Overall, students are generally positive about faculty use of technology. Slightly more than half of the respondents agreed that instructors use technology well in courses. At St. Thomas, nearly 80 percent of respondents in the 2007 study, and also in the 2006 study, report a positive experience with using Blackboard. When asked how well
faculty use technology in courses, nearly 64 percent of St. Thomas respondents agreed or strongly agreed that faculty use technology well in their courses. This represents an increase from the 2006 study in which 50 percent of UST students indicated that faculty use technology well in their courses.
Blackboard Usage Continues to Increase
A longitudinal analysis conducted in the 2007 ECAR study shows a 13 percent increase in students’ use of a learning management system. The use of a learning management system such as Blackboard is fairly widespread – with 82 percent of survey respondents indicating that they have used an LMS.
At St. Thomas, use of Blackboard is increasing. In the 2006 study, 82 percent of UST student respondents used Blackboard, and in the 2007 study, 89 percent said they had used Blackboard. Over 70 percent of St. Thomas students report they use Blackboard at least weekly.
Of the Blackboard features that students find useful, features relating to convenience and access appear to be highly valued. Figure 1 shows the Blackboard features that St. Thomas participants found useful. Tools in Blackboard that facilitate turning in assignments, receiving assignments back with instructor comments, and online sharing of materials among students are features that are less commonly used.
Student use of social networking tools increases
A point of interest is the decrease from 2006 to 2007 in the percentage of students who find Blackboard useful for sharing materials among classmates. The percentage of students who reported using Blackboard for sharing materials was roughly constant from 2006 to 2007, with just over a quarter of St. Thomas respondents indicating they had not used Blackboard in some way for sharing materials among students. The increase in the use of social networking tools (e.g., Facebook) may be one reason.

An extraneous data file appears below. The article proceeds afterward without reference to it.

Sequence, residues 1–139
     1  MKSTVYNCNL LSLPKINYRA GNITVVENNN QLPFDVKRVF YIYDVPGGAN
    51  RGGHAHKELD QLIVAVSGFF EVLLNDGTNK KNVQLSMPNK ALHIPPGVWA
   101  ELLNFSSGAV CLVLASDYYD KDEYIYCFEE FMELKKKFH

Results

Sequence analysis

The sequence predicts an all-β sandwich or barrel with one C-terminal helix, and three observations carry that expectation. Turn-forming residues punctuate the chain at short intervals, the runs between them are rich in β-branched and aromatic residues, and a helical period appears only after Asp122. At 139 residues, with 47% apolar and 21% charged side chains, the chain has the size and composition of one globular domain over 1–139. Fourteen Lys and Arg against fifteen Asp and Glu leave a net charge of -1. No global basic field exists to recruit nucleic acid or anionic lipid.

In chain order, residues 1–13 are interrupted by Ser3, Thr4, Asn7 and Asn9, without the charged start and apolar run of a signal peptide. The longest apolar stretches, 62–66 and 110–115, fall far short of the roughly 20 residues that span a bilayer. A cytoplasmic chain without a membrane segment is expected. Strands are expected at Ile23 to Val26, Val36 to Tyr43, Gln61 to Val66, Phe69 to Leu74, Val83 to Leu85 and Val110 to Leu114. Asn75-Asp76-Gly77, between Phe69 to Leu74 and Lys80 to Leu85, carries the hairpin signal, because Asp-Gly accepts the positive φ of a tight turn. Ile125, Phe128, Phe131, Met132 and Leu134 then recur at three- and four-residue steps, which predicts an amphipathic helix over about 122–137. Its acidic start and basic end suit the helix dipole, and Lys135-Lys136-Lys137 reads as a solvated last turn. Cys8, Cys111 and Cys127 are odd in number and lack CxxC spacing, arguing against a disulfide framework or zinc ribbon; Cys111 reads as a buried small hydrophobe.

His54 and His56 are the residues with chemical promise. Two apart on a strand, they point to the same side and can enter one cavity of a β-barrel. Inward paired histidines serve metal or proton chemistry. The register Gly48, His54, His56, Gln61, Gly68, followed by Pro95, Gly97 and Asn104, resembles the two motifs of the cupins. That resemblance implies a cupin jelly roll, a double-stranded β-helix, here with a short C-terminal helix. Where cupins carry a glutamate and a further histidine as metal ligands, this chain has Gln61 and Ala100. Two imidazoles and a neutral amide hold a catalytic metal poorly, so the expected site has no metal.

Data from the study shows an increase in the percentage of respondents who use social networking tools such as Facebook, from 72.3 percent in 2006 to 80.3 percent in 2007. Nearly 70 percent of all participants and 46 percent of UST students report using social networking tools on a daily basis. Less than 20 percent of St. Thomas students report never having participated in online social networks.
As the authors of the study are quick to note, although a large number of students use online social networking tools, most students do not use these technologies as a formal part of their courses. Focus groups conducted with national participants reveal that students consider technologies such as Facebook and Instant Messaging to be part of their private, rather than academic, lives.
The 2008 ECAR study will focus more specifically on how and why students use online social networking technologies and how students view the potential of these technologies for learning; clearly, online interactions comprise a growing proportion of students’ social lives; we look forward to discovering if the same holds true for students’ academic lives as we prepare to participate in the 2008 ECAR study.